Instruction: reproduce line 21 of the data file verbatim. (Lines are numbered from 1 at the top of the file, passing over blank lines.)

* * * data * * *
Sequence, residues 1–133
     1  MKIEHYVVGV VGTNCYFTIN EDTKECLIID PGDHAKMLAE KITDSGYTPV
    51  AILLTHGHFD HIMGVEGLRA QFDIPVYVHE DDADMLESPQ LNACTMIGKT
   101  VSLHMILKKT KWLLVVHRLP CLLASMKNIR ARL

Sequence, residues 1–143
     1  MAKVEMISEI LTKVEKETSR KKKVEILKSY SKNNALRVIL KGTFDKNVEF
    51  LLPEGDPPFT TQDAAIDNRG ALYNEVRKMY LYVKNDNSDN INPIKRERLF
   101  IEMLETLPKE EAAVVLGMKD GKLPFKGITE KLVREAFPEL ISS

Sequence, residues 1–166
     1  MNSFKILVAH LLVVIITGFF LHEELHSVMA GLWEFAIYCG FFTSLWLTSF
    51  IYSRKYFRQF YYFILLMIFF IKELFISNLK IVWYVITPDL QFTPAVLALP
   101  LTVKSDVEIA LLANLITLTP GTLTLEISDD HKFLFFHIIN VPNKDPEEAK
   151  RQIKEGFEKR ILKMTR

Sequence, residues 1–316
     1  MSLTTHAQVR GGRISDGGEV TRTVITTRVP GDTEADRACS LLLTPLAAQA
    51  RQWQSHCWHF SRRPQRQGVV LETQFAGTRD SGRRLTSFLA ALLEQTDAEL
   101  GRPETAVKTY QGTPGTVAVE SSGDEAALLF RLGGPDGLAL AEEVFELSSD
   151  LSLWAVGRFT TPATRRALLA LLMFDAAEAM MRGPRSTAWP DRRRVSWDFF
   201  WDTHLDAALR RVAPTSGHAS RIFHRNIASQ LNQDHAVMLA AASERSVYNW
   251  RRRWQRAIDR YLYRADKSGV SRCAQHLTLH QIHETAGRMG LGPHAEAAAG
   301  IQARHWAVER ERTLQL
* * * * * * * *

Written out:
   301  IQARHWAVER ERTLQL